By Nancy L. Roberts
“The Power of Silence: Against the Dictatorship of Noise” by Cardinal Robert Sarah with Nicolas Diat; translated by Michael J. Miller. Ignatius Press (San Francisco, 2017). 247 pp., $17.95.
The ancient psalm, “Be still and know that I am God,” is a challenge in today’s world of constant noise and distraction. But it is necessary if we wish to know God — and ourselves and our purpose in this world — fully. Cardinal Robert Sarah, in an unusual and far-ranging interview by the French journalist Nicolas Diat, offers profound observations about silence and why we must seek it.
He starts with an insight offered by Pope Benedict XVI in a homily from 2010, that “we live in a society in which it seems that every space, every moment must be ‘filled’ with projects, activities and noise; there is often no time even to listen or to converse.” Indeed, Cardinal Sarah notes, “many people are obliged to work in a chaos that distresses and dehumanizes them. …Cities have become noisy furnaces in which even nights are not spared the assault of noise.”
Why does noise often seem so appealing? One explanation offered by the cardinal is that it provides a familiar security, “like a drug. …With its festive appearance, noise is a whirlwind that avoids facing itself. Agitation becomes a tranquilizer, a sedative, a morphine pump, a sort of reverie, an incoherent dream-world.”
Yet we cannot truly appreciate the wonders of the natural world except in silence; and this is also true of great art and music, which are both created and contemplated in solitude. These are among many insights offered.
The wide range of sources from which Cardinal Sarah draws is impressive. The Virgin Mary, King Solomon, the Trappist monk Thomas Merton, Mother Teresa, the Benedictine monk Dom Mocquereau and Sts. John the Baptist and Cyprian of Carthage, are just a few of the many voices that inform the book. It’s noteworthy that John the Baptist spent 30 years in the desert wilderness in solitude, which gave him the opportunity to forge a deep relationship with God. Cardinal Sarah also points out that Mother Teresa’s “intimate knowledge of silence” sustained her, inspiring her to “imitate … Christ in his silence, humility, poverty, meekness and charity.”
Cardinal Sarah, who was born in Guinea, West Africa, was made an archbishop by Pope John Paul II and a cardinal by Pope Benedict XVI. Pope Francis in 2014 declared him the prefect of the Congregation for Divine Worship and the Sacraments. He is the author of an earlier book with Diat, “God or Nothing.”
He writes that “all the great moments of my day are found in the incomparable hours that I spend on my knees in darkness before the most blessed sacrament of the body and blood of our Lord Jesus Christ.” He displays a profound understanding of the familiar Old Testament passage, “In quietness and confidence shall be your strength” (Is 30:15).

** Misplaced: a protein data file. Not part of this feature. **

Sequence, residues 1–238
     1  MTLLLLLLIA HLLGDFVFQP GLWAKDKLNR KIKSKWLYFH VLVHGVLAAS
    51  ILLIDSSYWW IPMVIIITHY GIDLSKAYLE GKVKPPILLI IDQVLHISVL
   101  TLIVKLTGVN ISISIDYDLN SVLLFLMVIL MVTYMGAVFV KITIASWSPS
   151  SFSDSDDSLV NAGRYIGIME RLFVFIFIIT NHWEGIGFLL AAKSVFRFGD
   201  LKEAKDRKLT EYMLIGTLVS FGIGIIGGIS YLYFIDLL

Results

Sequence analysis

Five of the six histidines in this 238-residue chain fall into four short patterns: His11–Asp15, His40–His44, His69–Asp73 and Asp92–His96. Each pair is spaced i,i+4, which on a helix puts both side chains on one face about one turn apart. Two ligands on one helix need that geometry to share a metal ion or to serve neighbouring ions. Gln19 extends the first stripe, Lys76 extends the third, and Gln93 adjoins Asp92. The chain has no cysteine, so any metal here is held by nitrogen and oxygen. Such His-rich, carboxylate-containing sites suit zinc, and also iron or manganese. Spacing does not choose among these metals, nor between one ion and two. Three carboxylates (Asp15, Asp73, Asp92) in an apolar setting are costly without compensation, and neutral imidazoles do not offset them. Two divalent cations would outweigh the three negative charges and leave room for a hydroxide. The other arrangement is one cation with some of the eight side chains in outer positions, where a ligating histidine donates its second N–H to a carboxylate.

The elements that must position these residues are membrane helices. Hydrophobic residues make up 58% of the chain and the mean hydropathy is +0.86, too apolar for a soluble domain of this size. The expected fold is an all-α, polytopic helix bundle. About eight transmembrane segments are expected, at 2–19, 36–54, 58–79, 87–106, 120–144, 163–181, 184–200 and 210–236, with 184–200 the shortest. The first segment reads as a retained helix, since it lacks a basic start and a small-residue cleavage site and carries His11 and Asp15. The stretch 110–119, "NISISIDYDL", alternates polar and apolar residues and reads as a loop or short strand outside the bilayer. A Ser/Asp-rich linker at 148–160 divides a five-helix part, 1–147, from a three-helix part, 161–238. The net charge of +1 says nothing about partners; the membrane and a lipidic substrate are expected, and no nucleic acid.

Of all of the noisy scourges of modern life, he suggests that one of the worst is gossip: “Excessive, presumptuous, slanderous and immoderate chatter often has disastrous consequences.” While such “facile words and demagoguery” can hamper spirituality, the practice of silence nourishes the kind of thoughtfulness that helps us “enter into the mystery of God.”
At the same time, Cardinal Sarah does not endorse remaining mute; he endorses the wisdom of Ecclesiastes, “There is … a time to keep silence, and a time to speak. If there is a need to speak, or if charity requires it, then the Christian should speak. Or, as St. Chrysostom said, “‘Speak only when it is more useful to speak than to be silent.'”
The book is organized into five chapters that together cover all aspects of the subject. The last chapter raises the perennial problem of evil. How to explain the “extermination camps of totalitarian systems” and “children born with terrible handicaps”? Impossible, Cardinal Sarah writes; there’s no real explanation for the unjust mystery of suffering. He calls for Christians to trust in God, “who always watches over us,” and to remember that “God does not will evil” or desire war.
The cardinal asserts that silence and prayer are the most powerful weapons to fight evil in our arsenal, reminiscent, perhaps, of Dorothy Day’s call in the 1940s and beyond to practice the “spiritual warfare” of prayer to halt the evil of war.
Finally, Cardinal Sarah counsels that the best way to deal with the sorrow of death is to emulate the Virgin Mary, who stood silently at the foot of the cross. This sacred moment, when the dying person is about to see God, is “the most beautiful silence in earthly life.”
While most Catholics are not called to a life of Carthusian silence, they will welcome this in-depth exploration of the necessity, meaning and practice of everyday silence in the contemporary world.
Roberts directs the journalism program at the University at Albany, SUNY, and has written two books about Dorothy Day and the Catholic Worker.